It's been a long time since I posted and my only explanation is that life got in the way. It's been very hectic the last 8 months or so and I just have lost all energy and momentum for doing things for me. I am trying to say no more to others and yes more to me.... seems like I always have to restart doing that!

I am currently reading a great book about goats. I love goats and have always wanted to raise some of my own and also have wanted to make goat cheese. When I was in high school I volunteered on a goat farm that was part of Heifer Project. It was one of the best experiences of my teenage years.

The book is Goat Song: A Seasonal Life of Herding, and the Art of Making Cheese by Brad Kessler. I really enjoy reading books about people and their real life experiences.



From Publishers Weekly
Novelist (Birds in Fall; Lick Creek) Kessler's account of tending a small herd of milking goats in Vermont captures both the lush, poetic paradise of rural life and the raw, unrelenting drama of dairying. Kessler, a Saab-driving ex-Manhattanite, purchases two Nubian goats, breeds them and helps his wife, Dona, a trained doula, attend to the birth of four goat kids the following spring. The amusing zoomorphic and anthropomorphic descriptions, where goats forage as if they were at a sample sale and milk-fed kids stagger ┼ôlike street junkies, dissipate as Kessler endures a season of goat wrangling, haying and hunting coyotes. Kessler gives the legal aspects of unpasteurized cheese a cursory inspection; his devotion centers on a budding relationship with animals, the earth and goat cheese. He's a back-to-the-land naturalist, who supports his detailed personal observations with extensive research as he explores the cultural, historical and biological aspects of pastoralism. While the tome's lengthy poetic journal entries on animal husbandry and cheese making hardly qualify as a comprehensive manual, the observant, unsanctimonious read is bound to inspire hobby farmers and consummate cheese lovers.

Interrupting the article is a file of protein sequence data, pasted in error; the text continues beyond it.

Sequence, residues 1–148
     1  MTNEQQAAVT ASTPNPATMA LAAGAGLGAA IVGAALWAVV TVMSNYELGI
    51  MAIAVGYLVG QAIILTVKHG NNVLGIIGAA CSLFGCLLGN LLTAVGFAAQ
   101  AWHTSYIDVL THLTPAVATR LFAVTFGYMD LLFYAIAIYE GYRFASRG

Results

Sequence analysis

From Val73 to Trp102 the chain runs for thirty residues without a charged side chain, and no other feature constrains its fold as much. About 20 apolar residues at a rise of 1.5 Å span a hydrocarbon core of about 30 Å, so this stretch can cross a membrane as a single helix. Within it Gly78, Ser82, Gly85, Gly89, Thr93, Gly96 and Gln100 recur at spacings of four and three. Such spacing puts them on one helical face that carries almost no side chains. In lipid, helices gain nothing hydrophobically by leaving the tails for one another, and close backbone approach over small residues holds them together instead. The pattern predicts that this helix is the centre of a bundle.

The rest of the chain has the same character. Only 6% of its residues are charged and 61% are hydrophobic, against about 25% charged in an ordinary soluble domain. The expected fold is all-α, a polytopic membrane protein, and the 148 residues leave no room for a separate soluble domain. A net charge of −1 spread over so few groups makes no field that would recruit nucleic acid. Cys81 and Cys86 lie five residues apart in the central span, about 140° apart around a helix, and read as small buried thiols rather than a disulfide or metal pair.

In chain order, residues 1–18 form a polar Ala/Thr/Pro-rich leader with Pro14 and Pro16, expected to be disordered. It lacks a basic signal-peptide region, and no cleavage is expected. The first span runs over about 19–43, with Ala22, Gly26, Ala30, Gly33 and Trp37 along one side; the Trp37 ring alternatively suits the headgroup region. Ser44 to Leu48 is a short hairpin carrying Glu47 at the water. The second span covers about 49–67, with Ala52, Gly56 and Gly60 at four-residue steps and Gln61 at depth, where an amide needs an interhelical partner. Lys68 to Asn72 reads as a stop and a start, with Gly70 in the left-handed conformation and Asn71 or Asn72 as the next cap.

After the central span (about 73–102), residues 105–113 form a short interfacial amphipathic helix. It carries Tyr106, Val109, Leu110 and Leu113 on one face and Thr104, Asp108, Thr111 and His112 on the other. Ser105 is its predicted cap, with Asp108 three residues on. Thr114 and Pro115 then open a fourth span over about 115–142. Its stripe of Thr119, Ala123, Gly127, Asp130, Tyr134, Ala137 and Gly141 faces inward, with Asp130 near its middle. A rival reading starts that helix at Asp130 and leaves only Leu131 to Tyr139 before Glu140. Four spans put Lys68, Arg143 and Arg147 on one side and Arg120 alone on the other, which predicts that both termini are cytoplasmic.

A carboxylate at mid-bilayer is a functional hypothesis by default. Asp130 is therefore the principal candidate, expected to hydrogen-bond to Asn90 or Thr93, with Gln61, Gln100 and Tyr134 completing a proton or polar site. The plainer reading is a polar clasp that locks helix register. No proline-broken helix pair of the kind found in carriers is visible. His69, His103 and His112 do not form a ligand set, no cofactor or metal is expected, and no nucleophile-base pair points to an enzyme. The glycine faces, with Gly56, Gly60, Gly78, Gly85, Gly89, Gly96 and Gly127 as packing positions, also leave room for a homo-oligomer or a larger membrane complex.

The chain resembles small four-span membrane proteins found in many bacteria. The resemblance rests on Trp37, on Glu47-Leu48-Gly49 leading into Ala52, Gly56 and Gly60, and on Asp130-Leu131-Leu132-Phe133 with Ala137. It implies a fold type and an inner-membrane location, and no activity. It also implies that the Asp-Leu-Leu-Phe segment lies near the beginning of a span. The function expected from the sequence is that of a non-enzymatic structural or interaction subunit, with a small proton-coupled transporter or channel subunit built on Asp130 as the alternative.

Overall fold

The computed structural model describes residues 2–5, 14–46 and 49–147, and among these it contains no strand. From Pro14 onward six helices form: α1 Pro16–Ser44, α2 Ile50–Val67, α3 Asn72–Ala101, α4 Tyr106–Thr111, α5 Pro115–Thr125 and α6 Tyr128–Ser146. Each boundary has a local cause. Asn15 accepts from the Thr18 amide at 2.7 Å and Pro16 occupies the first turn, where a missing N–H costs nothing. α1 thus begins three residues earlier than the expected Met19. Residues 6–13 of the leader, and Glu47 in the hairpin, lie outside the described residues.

Brad Kessler and one of his goats.
Here is a link to a nice interview with Brad Kessler in Gourmet magazine.